Support is at the heart of teaching
What began as a support "unit" was renamed a support "centre" by management, because that's more user-friendly. Now, through pupil consultation, it is known as a support "class", as the children attending it declared: "We are a class. We're children like the others."
The support class at Lumphinnans Primary on the outskirts of Cowdenbeath, in Fife, takes pupils with social, emotional and behavioural difficulties from up to 30 primaries in the west of the authority to support them and re-engage them with mainstream education.
"There are very few pupils we don't manage to reintegrate back into mainstream classes in their own schools," says behaviour support teacher Anna Harper.
"All but one of the children I've worked with in the past year are now back in their own schools, either with outreach support from us or signed off altogether."
The success may be due to many factors, including the class's experienced and dedicated staff of four (three full-time equivalents), but a major one seems to be that it and its pupils - no more than six at any given time - are seen as central to the whole school.
The classroom itself is in the middle of the school, reflecting the philosophy that these pupils are an important part of the school.
"When I came here in 1996," says headteacher Heather Hamilton, "my purpose was to integrate the pupils as seamlessly as possible. We don't want them in a vacuum. If they participate in the life of this school that will help them integrate into their own schools. It's extremely important that they feel a central part of the school."
Pupils come, on average, for two morning or afternoon sessions a week.
These sessions are spent in both the behaviour class and, with at least initial support, in the mainstream classes.
Initial assessment involves the pupils and their parents and begins with outreach teachers going to their schools, followed by transitional visits for both the pupils and parents to Lumphinnans Primary. The children then come to the support class, from where they are first integrated into mainstream classes in the school, before returning to their own schools with outreach support until they are deemed ready to continue in mainstream classes as fully integrated.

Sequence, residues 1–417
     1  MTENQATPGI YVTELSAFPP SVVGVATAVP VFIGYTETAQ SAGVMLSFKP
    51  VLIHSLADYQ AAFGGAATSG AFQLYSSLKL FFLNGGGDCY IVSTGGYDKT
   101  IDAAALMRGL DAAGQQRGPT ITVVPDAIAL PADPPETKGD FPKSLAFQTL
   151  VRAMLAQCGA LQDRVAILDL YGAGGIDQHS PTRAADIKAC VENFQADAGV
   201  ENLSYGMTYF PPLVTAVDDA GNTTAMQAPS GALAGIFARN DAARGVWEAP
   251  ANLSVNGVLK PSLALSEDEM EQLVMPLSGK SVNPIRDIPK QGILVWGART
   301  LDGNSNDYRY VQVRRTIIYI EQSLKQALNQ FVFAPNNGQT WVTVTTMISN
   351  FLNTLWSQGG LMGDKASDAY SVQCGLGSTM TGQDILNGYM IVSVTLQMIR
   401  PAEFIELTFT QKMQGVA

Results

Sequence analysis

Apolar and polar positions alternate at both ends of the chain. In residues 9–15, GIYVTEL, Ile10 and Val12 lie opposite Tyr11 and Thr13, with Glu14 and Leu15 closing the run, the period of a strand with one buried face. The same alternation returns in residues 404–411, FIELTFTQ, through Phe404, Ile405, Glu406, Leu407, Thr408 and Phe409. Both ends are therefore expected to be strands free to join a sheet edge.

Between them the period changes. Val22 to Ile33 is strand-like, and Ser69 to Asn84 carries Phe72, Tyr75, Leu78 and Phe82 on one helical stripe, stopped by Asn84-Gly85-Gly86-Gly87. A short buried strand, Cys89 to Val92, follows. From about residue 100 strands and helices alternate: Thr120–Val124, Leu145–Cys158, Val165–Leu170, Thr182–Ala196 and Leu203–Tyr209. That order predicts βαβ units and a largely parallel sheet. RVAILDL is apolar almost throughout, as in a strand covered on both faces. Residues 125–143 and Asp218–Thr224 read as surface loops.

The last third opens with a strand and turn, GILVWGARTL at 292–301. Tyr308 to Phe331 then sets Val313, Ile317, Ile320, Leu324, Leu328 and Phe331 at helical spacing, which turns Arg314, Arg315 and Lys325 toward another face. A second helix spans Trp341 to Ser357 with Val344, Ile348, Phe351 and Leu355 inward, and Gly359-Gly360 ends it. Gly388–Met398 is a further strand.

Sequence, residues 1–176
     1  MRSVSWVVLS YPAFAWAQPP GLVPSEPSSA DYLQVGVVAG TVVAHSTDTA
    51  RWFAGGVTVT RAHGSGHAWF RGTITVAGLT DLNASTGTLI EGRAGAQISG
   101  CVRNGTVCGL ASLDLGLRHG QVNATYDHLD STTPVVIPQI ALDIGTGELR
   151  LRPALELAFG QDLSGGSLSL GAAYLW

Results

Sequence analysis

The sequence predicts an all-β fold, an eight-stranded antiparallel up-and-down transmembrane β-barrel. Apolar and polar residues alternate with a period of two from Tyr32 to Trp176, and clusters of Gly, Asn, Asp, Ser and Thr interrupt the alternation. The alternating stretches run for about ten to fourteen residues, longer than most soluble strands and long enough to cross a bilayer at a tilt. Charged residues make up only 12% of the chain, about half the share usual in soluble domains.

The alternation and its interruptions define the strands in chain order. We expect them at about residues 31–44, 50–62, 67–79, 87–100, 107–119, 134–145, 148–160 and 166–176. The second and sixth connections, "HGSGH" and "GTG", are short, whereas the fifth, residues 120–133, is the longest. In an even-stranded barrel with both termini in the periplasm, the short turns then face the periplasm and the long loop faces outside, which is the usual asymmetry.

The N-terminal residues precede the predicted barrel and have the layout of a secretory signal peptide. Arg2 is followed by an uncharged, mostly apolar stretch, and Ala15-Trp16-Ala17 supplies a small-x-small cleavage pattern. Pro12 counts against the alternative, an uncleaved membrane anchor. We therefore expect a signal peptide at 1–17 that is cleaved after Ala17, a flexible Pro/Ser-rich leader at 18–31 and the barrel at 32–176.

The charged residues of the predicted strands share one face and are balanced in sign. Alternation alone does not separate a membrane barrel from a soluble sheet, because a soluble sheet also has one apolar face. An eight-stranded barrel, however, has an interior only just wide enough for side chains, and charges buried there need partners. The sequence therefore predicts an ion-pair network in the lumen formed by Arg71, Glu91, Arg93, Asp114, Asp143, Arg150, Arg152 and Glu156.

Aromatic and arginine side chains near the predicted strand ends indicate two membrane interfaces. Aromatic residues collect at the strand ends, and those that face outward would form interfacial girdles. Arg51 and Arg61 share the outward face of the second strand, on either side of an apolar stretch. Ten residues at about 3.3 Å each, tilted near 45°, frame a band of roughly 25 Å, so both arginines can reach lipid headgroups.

"The pupils and their parents are heavily involved from the start. They must feel ownership," says Mrs Hamilton. "The pupils have their own school board member and we have regular coffee evenings with the parents and children."
In consultation, the pupils are given both specific learning targets covering all areas of the curriculum and personal and social development targets.
"Supporting a child successfully is not just about resourcing and empathy.
You have to let them know you're onside with them but also that you and they have a curriculum to follow," says Mrs Hamilton.
"If you respond to their needs and views, you'll bring about results.
Children evaluate adult behaviour, so it's important to consult and to be seen to do so."
The pupils are given target cards covering personal and social development and curriculum areas, such as "I listen to others" or "I can complete a piece of writing with support", and the behaviour support and mainstream class teachers have copies.
"In a mainstream class, this can work almost as a secret code," says Ms Harper. "If a child is not adhering to the agreed target, the teacher can tap her pocket where she holds her copy of the card to remind the pupil of the targets. This avoids embarrassing the pupil in front of others."
Avoiding embarrassment and concentrating on building pupils' self-esteem go hand in glove. Confidence-boosting strategies include sending home achievement postcards as surprises.
One parent says this strategy "boosts the children's confidence, makes them proud of their achievement and makes them more determined to work hard as they know they will be rewarded".
Mrs Harper says: "You have to remember that when they first come here, a lot of these children may never have completed a piece of work and so have never experienced that feeling of success. It's very important to reward them."
Other pupils in the school welcome these new pals and are very proud of being a friendly school (as they declare in that straightforward Fife way).
Whether observing in the classrooms, walking the corridors or watching the pupils play at break time, you would be hard pressed to identify the support pupils.
The behaviour support staff at Lumphinnans Primary regularly consult and support mainstream staff in their own and other schools. They also provide resources and professional development in behaviour support for colleagues.
Perhaps the best measure of their success is something Mrs Harper declares: "The behaviour support pupils enjoy being here."